The Protected Wreck Association, in partnership with MSDS Marine, has been awarded a grant of nearly £29,000 from Historic England, to undertake a project to provide support to England’s protected wreck site volunteers.
This new project will aid the development of the Protected Wreck Association’s systems and services in order to strengthen the ability of the Association, and its members, to support their work on England’s Protected Wreck Sites.
The first step of the project was to create a new website resource which is being launched by the Protected Wreck Association today. The new user friendly, mobile responsive site is a hub to enable members to share knowledge and best practice. A members only area allows access to resources and equipment shared between members.
Volunteers are essential to the system that helps manage wreck sites in England’s territorial waters. The volunteer teams have consistently shown their commitment, enthusiasm and support for these wrecks of international or national importance. The volunteers work tirelessly on the protected wreck sites, usually funding their investigations themselves, to help bring these wrecks alive for the public on dry land for everybody’s benefit. They are a unique breed of diver: focused, enthusiastic, committed and dedicated. Historic England have recognised the enormous contribution they make to the management of the wreck sites by formally recognising them as affiliated volunteers and the Protected Wreck Association is the body that represents them.
Prof. Mike Williams, Chair of the Protected Wreck Association, said, ‘We are delighted and grateful that Historic England have funded this project. It will enable us to undertake valuable work to support our members, who are dedicated volunteers protecting our maritime heritage’.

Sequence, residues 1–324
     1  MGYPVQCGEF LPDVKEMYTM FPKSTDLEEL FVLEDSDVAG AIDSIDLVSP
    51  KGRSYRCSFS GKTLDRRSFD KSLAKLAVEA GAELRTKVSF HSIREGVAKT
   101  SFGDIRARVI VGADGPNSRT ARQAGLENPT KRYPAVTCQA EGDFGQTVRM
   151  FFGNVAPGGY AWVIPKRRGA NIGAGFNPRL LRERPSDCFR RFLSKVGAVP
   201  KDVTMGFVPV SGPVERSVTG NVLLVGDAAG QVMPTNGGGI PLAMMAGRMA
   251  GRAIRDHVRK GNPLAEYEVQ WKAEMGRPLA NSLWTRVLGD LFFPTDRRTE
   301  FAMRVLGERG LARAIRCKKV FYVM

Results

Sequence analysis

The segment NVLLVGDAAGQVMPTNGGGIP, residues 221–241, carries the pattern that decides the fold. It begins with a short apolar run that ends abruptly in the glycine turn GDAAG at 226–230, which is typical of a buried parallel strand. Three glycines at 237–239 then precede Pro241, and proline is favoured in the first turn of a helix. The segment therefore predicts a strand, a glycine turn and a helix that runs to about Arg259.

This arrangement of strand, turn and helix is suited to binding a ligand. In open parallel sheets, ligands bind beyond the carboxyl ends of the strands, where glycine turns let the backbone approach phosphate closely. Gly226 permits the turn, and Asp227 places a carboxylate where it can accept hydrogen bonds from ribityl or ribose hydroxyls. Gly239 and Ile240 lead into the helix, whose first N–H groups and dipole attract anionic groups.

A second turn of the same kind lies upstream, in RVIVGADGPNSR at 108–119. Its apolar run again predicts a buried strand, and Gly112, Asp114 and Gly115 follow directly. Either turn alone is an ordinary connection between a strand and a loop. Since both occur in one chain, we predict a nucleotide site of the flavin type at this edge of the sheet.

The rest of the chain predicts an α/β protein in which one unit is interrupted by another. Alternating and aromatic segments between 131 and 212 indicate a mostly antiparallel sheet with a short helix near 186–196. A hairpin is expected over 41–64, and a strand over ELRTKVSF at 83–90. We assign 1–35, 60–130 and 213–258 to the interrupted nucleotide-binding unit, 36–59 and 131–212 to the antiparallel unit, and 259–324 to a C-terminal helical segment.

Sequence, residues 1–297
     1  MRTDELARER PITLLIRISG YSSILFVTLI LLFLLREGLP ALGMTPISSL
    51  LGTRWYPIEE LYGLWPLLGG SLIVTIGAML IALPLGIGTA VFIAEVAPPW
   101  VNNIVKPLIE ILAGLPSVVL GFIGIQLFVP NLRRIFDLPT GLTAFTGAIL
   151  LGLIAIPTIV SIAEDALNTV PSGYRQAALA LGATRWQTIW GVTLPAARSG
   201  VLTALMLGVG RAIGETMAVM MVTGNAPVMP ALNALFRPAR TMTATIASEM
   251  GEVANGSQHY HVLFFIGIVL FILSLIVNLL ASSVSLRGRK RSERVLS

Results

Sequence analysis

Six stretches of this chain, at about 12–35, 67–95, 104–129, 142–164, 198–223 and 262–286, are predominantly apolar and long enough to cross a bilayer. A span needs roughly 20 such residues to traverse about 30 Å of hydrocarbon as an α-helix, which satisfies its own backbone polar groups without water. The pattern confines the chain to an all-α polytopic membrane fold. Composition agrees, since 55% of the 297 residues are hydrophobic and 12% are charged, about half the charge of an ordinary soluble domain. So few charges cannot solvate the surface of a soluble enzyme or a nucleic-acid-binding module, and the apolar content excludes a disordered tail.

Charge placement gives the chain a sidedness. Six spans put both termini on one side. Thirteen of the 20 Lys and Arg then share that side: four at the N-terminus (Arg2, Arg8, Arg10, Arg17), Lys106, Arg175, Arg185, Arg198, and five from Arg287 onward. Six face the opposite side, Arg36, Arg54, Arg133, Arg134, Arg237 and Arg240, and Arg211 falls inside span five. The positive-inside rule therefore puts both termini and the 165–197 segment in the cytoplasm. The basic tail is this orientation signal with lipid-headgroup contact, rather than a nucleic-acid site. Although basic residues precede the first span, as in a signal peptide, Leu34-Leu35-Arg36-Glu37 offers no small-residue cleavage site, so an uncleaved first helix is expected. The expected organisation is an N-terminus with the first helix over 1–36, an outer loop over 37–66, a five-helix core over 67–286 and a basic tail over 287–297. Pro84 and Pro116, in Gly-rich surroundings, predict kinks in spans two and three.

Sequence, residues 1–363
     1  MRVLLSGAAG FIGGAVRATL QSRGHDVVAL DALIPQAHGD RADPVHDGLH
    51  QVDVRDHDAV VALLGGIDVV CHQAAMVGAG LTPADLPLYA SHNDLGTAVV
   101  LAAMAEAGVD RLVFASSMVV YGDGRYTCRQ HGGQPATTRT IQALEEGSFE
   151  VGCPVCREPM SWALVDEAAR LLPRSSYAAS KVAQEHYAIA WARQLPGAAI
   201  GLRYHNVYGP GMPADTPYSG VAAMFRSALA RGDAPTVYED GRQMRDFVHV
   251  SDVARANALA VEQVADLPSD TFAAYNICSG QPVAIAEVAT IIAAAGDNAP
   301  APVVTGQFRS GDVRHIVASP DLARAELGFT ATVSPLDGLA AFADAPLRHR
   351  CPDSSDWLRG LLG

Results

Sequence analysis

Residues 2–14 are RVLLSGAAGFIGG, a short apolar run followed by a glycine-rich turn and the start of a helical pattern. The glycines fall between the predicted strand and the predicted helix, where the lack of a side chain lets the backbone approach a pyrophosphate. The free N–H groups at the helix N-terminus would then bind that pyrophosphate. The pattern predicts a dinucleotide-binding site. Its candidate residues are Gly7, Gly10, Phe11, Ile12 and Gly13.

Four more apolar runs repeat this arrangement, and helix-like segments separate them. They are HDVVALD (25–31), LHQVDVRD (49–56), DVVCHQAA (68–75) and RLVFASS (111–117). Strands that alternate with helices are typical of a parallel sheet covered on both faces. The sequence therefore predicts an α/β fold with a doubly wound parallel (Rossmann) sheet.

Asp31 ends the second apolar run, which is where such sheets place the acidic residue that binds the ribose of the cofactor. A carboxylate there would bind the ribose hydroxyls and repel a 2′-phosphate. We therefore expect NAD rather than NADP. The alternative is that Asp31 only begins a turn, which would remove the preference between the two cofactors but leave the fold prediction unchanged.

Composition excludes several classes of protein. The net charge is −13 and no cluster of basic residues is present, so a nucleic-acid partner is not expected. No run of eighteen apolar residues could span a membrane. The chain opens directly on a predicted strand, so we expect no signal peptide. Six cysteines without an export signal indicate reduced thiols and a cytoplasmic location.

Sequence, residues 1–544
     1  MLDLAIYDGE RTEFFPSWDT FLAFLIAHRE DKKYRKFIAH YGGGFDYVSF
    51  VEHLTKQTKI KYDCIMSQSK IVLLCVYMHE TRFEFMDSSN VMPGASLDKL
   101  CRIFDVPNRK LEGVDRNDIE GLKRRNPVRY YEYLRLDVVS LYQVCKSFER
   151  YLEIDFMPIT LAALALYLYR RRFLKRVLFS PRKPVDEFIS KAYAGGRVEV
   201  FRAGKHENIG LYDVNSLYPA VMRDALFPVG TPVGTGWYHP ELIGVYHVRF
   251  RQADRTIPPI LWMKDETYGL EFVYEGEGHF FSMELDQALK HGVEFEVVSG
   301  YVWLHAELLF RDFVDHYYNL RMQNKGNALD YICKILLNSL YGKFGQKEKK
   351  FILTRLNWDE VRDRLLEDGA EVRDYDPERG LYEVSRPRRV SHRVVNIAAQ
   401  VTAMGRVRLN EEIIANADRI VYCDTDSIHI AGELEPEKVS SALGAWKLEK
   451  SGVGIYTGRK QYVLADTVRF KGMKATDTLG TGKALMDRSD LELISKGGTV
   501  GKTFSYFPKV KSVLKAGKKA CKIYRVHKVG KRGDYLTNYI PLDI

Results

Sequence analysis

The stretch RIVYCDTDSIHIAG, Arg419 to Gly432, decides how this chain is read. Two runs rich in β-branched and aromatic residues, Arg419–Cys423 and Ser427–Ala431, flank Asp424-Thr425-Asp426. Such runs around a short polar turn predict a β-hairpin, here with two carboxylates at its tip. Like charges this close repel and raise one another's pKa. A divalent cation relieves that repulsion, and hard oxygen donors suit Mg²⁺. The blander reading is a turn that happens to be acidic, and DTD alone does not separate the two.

This national-level project will champion, support and enable the Protected Wreck Association and its members, to reduce the number of marine heritage assets that are at risk and aid Historic England in the management of the sites designated under the Protection of Wrecks Act 1973 or scheduled underwater under the Ancient Monuments & Archaeological Areas Act 1979.
A key aim of this project is to work with Protected Wreck stakeholders to create site security protocols and a template and guidance notes for their future creation. The site security protocol created by the South West Maritime Archaeology Group for the Salcombe Cannon and Moor Sand sites has long been recognised as an example of best practice and an exceptional contribution made to the management of two protected wreck sites. It has helped ensure these sites remained off the Heritage at Risk register in recent years. It is annually updated and provides a clear protocol for all stakeholders to follow to prevent heritage crime and to react should something occur. This model will be adapted into a template and a guidance document created. The project team will then liaise with individual site teams and work with them to produce documents for the sites on which they are affiliated.
The final element of the project is to undertake an audit of both current training needs and training provision in the sector. This will be followed by a discussion session for all training providers to attend to discuss a sectorial approach to training. It is hoped the subsequent report on training will lead to further funding to enable the delivery of training in future.
Hefin Meara, Marine Archaeologist at Historic England said, ‘We are pleased to be able to support this project and recognise the enormous contribution that volunteers have made to the marine historic environment around England since the popularity of SCUBA diving began’.